Respect is due
Bumble blogs on the need for respect in cricket, teary times on Countdown and a visit to the Stanley!
Last Updated: 10/11/11 3:47pm
I've been lying low after arriving back from India. I'm now on sabbatical until January when we head out to Abu Dhabi and Dubai to play Pakistan.
India were far too good for England, who will be very disappointed with their performances over there. They will need to go away and think long and hard and dismantle their approach to playing on the sub-continent. It needs to be different next time.
In those conditions, Inida were too strong and the captain MS Dhoni was excellent. The young players responded to his leadership and they can take away plenty of positives.
However, it was a bad-tempered series and I would say both teams were as bad as each other. I'd like to see heavier punishments handed out by the match referees and the ICC when players misbehave on the field.
The one word that young players should be fully aware of is "respect". By that I mean respect for each other, respect for the game and respect for the officials.
The Federation of International Cricketers' Associations (FICA) must now take a role in telling every player how to behave and how to respect the game.
A sad episode
The costly spot-fixing court case was a sad episode for cricket and on the face of it I felt the punishments seemed very lenient.
I also feel the cricketers involved should never play cricket again. Ever. That would be the ultimate punishment for Salman Butt, Mohammad Asif and Mohammad Amir.
I believe that has to happen because if I had to go and watch or commentate on these blokes again, I wouldn't trust anything that they did.
It's very disappointing to discover that sort of thing has been going on in the game and it'll be interesting to find out if there's any more. It's sad that the authorities now have ongoing investigations.
When things are brought to light, sometimes you look back at incidents and think they were quite odd. You don't detect them in the heat of a game, but in the cold light of day it comes to home to you.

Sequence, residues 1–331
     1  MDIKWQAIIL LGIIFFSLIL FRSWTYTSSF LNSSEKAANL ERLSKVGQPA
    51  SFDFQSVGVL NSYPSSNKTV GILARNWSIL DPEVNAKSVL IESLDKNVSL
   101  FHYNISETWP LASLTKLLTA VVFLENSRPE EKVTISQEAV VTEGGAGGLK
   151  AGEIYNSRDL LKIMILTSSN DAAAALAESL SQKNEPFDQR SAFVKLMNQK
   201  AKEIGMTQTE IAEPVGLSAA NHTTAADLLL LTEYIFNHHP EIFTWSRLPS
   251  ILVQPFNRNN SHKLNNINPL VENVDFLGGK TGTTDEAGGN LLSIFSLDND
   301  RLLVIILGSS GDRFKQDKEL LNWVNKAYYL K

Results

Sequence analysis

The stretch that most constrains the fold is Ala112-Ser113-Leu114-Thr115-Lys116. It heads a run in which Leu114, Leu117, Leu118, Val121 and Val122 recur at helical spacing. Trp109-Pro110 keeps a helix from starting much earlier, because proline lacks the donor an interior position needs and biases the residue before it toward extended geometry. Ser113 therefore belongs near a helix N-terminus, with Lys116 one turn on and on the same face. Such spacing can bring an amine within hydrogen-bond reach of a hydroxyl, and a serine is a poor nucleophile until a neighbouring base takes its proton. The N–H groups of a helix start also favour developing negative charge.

It's a very good thing that it's come to light, but I think the punishments should have been stronger.
On the box
Next week I'll be filming a programme for Sky Sports called Time of Our Lives, which will be about the Lancashire team of the early 1970's.
Gary Newbon is the host and I'll be in a studio with Farouk Engineer and our old captain Jack Bond, who is a good bloke and was a great leader for the team. He's getting on a bit now, but he'll still have a few stories to tell.
We'll reminisce about those times and we're bound to discuss the game that finished at 10 to nine at night. You can look forward to some good tales.
I also recorded five episodes of Countdown this week, which was good fun as usual. I didn't get any nine-letter words, but I did come up with 'gonad', which I was pleased with.
The ladies were all in tears because Jeff Stelling is leaving the show very soon. Apparently they've lined up his replacement, but they've all been sworn to secrecy, so I can't tell you any insider gossip.
All I can tell you is that it won't be me. I'd love that job, but I'm far too busy. Other things to do.
Up for the Cup
The biggest news of the week is that I went up to visit my beloved Accrington Stanley, having bought some shares in the club. You can still buy yours from the official website!
I had a chat with the manager John Coleman ahead of their FA Cup tie at Notts County on Saturday and I did an interview for their website as well.
I also went to watch the players training and they looked in fine fettle. There were no scouts though, just me.
I must also report that The Brigadier is leaving our village to set up a new regiment somewhere called Milverton. Apparently it's near Taunton. I can't imagine I'll be a regular visitor.
I feel the people of Milverton need to be warned. This blog comes with a government health warning for those of you that live in that part of the world!
See you soon.